Influence of climate change on the invasibility of subarctic plant communities
Climate change influences both the invasibility of subarctic plant communities and the invasion success of potentially new colonizing species. Plant species are expected to expand their ranges further north, as climatic conditions for germination and growth may become more suitable due to warmer temperatures. At the same time, climate warming will affect the extant vegetation, which might become taller and denser, and therefore less invasible. To find out how climate change might affect the invasibility of different vegetation types in subarctic tundra and how different colonizing species respond to a changing climate, we set up a large seed-sowing experiment in Abisko, Northern Sweden.
In this experiment, we examine the effects on invasibility of plant community type (meadow, sparse dwarf shrub heath, dense dwarf shrub heath, Salix scrub) and disturbance treatment (undisturbed, gaps in different sizes) along an altitudinal gradient (400 – 900 m a.s.l.). As potential colonizers we used seeds from 22 species belonging to different growth forms and varying in their current distributions. The effects of community type, disturbance treatment and elevation are studied on seedling emergence, seedling survival and plant establishment. Also the effects of a series of co-variables, e.g. soil temperature, soil moisture, nutrient availability, light penetration, pH, snow depth, species richness, productivity, cover of mosses and litter are examined. In addition, germination experiments with the same 24 species are carried out in incubators with different cold stratification periods and germination temperatures.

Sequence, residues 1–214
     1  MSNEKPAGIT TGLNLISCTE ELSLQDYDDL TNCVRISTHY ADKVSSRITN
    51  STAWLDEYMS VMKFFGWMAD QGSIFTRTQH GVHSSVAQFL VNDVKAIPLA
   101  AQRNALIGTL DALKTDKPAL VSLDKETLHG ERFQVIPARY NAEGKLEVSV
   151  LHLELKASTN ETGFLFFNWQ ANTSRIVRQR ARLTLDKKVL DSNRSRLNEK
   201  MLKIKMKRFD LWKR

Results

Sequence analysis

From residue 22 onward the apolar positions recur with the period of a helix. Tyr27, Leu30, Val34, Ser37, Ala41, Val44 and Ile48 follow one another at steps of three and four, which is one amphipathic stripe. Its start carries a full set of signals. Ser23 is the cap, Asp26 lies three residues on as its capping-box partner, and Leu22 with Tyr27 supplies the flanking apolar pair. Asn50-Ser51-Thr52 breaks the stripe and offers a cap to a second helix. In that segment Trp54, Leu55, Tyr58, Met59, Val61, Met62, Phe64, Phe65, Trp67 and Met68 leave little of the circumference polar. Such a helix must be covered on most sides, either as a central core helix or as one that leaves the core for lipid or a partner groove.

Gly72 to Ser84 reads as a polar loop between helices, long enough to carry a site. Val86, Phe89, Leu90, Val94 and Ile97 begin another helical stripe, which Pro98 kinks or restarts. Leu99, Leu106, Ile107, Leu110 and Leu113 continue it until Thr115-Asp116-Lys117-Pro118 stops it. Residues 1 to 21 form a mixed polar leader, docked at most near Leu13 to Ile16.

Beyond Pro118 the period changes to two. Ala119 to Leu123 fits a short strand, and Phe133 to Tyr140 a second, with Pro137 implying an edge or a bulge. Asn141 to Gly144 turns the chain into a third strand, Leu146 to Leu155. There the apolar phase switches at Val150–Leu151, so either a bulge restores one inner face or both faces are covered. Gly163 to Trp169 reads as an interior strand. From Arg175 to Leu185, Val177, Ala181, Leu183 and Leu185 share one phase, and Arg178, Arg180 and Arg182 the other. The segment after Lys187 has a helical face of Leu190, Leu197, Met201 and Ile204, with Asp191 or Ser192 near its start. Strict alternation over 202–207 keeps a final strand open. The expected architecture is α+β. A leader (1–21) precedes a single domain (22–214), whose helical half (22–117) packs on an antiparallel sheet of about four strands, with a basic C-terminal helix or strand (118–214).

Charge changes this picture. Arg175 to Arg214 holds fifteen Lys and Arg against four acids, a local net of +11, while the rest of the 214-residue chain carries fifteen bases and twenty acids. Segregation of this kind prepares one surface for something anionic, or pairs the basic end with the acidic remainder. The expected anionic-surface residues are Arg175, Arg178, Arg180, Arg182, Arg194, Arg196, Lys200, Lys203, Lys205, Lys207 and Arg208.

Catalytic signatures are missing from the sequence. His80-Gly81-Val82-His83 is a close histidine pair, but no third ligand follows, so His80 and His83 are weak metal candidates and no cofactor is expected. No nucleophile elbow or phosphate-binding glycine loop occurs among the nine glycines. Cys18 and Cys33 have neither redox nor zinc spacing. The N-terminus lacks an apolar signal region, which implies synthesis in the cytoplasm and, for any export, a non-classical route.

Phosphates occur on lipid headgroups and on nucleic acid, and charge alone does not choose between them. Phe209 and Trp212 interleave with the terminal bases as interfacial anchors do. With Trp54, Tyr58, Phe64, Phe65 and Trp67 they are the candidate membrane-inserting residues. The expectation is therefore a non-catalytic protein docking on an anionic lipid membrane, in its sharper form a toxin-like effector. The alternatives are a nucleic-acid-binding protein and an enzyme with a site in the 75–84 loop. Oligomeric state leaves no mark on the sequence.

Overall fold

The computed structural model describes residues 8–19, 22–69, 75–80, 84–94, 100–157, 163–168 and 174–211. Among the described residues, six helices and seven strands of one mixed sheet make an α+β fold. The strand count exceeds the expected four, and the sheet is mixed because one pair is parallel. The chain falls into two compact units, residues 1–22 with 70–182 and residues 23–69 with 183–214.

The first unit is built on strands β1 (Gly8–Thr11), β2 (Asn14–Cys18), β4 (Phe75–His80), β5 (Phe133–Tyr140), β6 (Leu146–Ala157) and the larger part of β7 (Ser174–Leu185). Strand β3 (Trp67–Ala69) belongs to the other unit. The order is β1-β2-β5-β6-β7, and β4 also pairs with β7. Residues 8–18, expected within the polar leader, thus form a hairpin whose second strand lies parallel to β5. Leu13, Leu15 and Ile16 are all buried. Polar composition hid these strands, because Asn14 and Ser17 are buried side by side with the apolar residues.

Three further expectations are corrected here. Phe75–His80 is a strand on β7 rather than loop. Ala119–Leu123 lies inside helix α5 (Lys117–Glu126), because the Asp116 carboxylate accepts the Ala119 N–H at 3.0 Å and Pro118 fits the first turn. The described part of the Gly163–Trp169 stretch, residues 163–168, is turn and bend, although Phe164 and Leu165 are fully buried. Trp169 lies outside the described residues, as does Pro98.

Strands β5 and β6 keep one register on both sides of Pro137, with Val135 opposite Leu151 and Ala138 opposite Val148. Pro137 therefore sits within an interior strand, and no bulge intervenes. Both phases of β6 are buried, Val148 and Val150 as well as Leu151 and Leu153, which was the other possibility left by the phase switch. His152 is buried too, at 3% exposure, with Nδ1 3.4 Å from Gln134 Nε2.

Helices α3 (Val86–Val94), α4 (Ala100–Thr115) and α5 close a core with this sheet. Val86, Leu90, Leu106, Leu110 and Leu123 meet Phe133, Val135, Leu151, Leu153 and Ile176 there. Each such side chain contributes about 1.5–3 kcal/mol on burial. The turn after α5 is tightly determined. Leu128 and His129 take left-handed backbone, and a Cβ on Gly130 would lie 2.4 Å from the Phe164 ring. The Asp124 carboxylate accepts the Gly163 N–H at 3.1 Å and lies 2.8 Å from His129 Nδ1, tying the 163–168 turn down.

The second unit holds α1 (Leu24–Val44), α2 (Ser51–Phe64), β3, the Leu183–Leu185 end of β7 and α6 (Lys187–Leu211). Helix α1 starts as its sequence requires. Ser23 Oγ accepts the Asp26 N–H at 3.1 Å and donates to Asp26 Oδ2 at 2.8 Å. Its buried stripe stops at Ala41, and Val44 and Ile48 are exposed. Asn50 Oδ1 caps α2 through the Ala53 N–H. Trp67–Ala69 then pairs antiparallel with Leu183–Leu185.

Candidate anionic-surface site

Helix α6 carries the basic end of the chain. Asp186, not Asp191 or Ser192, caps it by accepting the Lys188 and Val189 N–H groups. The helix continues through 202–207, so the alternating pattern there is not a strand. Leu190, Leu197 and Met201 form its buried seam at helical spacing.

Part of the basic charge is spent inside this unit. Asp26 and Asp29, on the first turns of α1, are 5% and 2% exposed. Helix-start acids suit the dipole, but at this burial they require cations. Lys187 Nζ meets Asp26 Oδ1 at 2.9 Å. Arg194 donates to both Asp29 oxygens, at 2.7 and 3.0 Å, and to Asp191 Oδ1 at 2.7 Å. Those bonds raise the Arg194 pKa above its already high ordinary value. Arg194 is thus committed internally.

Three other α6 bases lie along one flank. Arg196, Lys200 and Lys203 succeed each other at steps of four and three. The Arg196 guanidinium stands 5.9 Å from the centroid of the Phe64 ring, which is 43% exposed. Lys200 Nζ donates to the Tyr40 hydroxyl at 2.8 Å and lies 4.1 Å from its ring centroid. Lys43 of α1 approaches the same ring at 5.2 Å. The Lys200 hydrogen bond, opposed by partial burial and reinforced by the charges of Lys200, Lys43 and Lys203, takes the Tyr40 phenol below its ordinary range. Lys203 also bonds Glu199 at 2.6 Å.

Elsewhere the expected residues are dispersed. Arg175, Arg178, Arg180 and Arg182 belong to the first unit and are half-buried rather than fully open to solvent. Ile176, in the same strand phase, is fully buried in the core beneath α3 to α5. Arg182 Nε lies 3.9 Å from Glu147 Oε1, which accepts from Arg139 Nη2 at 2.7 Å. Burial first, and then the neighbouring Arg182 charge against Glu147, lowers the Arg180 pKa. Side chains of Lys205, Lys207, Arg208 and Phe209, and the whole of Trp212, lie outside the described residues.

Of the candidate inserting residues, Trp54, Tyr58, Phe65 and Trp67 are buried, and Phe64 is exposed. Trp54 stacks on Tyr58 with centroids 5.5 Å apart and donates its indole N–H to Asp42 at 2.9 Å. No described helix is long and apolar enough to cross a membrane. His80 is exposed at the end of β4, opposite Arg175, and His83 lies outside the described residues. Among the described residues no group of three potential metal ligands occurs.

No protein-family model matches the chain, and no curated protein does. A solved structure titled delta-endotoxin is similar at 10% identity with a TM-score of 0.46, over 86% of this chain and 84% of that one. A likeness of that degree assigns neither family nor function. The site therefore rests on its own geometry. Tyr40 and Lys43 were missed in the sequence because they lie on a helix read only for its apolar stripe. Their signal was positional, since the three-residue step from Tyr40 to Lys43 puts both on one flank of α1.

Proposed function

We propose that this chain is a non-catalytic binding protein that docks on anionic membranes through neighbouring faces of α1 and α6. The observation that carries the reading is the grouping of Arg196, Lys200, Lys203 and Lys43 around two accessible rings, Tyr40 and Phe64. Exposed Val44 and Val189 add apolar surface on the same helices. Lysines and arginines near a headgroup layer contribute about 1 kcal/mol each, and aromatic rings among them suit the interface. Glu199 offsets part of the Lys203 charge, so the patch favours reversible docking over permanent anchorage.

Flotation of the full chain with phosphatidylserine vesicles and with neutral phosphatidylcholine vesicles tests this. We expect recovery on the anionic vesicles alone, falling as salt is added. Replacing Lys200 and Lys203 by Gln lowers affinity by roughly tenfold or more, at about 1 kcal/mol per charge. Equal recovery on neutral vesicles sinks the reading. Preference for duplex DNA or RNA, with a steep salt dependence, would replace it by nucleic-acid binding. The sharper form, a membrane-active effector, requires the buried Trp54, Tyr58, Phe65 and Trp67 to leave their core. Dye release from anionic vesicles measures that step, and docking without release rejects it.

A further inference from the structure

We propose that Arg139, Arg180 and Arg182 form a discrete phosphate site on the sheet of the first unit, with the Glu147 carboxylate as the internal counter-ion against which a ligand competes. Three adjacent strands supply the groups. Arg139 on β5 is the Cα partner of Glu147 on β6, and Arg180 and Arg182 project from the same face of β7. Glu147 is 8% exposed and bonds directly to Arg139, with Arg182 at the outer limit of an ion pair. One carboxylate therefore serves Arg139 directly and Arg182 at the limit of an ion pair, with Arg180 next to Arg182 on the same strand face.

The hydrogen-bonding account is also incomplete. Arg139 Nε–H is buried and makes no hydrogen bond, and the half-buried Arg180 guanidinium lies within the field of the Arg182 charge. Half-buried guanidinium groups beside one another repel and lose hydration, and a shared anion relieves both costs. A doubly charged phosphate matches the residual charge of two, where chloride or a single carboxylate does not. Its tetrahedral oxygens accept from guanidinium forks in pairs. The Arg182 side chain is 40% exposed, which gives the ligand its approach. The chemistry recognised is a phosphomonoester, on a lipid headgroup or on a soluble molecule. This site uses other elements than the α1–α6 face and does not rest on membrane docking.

This project is funded by Umeå University, the Fund for Scientific Research Flanders – Belgium, the University of Antwerp and the Kempe Foundation